As MLK once said: “In this unfolding conundrum of life and history, there is such a thing as being too late.”
On April 7, Harvard President Drew Faust released a statement on climate change and Harvard’s investment strategy. This news came after months of pressure from students, faculty and alumni who were disturbed by her initial rejection of demands for fossil fuel divestment. The demands were first raised in October 2013 by a new student group, Divest Harvard, which was part of a growing national campaign. Faust’s announcement—which introduces Harvard’s creation of a Climate Change Solutions Fund and commitment to the UN Principles for Responsible Investment and Carbon Disclosure Project—finally acknowledges Harvard’s responsibility for its investments. However, as members of Divest Harvard, we are deeply disappointed with the university’s continued failure to address the urgency of climate change.
A recent report from the Intergovernmental Panel on Climate Change lays out the sobering reality of the climate crisis. By 2100, much of our planet will be uninhabitable if civilization continues on the business-as-usual trajectory. Forget grandchildren, and who knows what kinds of catastrophes we will live through. This is the future we currently face without radical action. We must actively fight for the world we wish to inherit because the stakes are too high to tolerate inaction any longer.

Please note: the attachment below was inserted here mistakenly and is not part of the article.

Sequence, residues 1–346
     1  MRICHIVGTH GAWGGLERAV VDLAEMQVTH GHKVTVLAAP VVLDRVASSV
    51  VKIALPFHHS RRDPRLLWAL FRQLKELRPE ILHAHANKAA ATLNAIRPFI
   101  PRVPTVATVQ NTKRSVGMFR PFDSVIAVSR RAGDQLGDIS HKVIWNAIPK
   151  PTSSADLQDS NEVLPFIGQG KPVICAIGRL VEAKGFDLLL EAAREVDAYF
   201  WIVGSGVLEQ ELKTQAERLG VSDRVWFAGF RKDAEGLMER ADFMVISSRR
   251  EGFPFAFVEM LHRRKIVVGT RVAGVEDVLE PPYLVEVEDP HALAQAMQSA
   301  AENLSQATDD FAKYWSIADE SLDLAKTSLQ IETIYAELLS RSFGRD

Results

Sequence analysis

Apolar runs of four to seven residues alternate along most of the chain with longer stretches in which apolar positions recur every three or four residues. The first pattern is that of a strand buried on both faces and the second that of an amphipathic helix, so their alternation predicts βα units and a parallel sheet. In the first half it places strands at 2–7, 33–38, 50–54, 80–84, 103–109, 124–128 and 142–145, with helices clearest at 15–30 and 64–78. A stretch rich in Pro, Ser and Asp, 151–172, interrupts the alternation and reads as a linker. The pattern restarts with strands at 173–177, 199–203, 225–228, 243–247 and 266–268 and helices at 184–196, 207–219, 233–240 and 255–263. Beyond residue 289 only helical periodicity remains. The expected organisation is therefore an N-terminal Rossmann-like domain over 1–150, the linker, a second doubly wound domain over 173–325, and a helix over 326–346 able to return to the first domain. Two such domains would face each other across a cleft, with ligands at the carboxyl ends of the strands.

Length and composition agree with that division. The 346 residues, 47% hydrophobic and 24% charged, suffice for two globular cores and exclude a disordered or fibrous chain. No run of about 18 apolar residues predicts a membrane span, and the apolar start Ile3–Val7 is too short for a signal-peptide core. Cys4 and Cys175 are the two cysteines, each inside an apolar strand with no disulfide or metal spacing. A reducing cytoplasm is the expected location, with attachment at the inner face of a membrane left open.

President Faust’s statement only amplifies the moral inconsistency of Harvard’s continued investment in the fossil fuel companies that are devastating the planet and blocking climate solutions. The first part of the plan commits $1 million to investment in climate research. This is an important step forward, but it cannot be taken in good faith while the university’s $32.7 billion endowment is simultaneously invested in the corporations that drive climate destruction, fund science denialism and manipulate the political system. Now that Harvard is committing to investing in solutions, the university must make a simple choice: invest in our future or continue to support its destruction. The science is clear, and the moral line has been drawn.
The second part of the plan is a recommitment to Harvard’s on-campus sustainability efforts, with a focus on the greenhouse gas reduction goals adopted by the university in 2008. The problem is that Harvard is not even on track to reach its 30 percent reduction goal by 2016. The effort is commendable, but not nearly as much as Harvard could do, and reveals an unwillingness to take a critical moral stand when it comes to fossil fuels.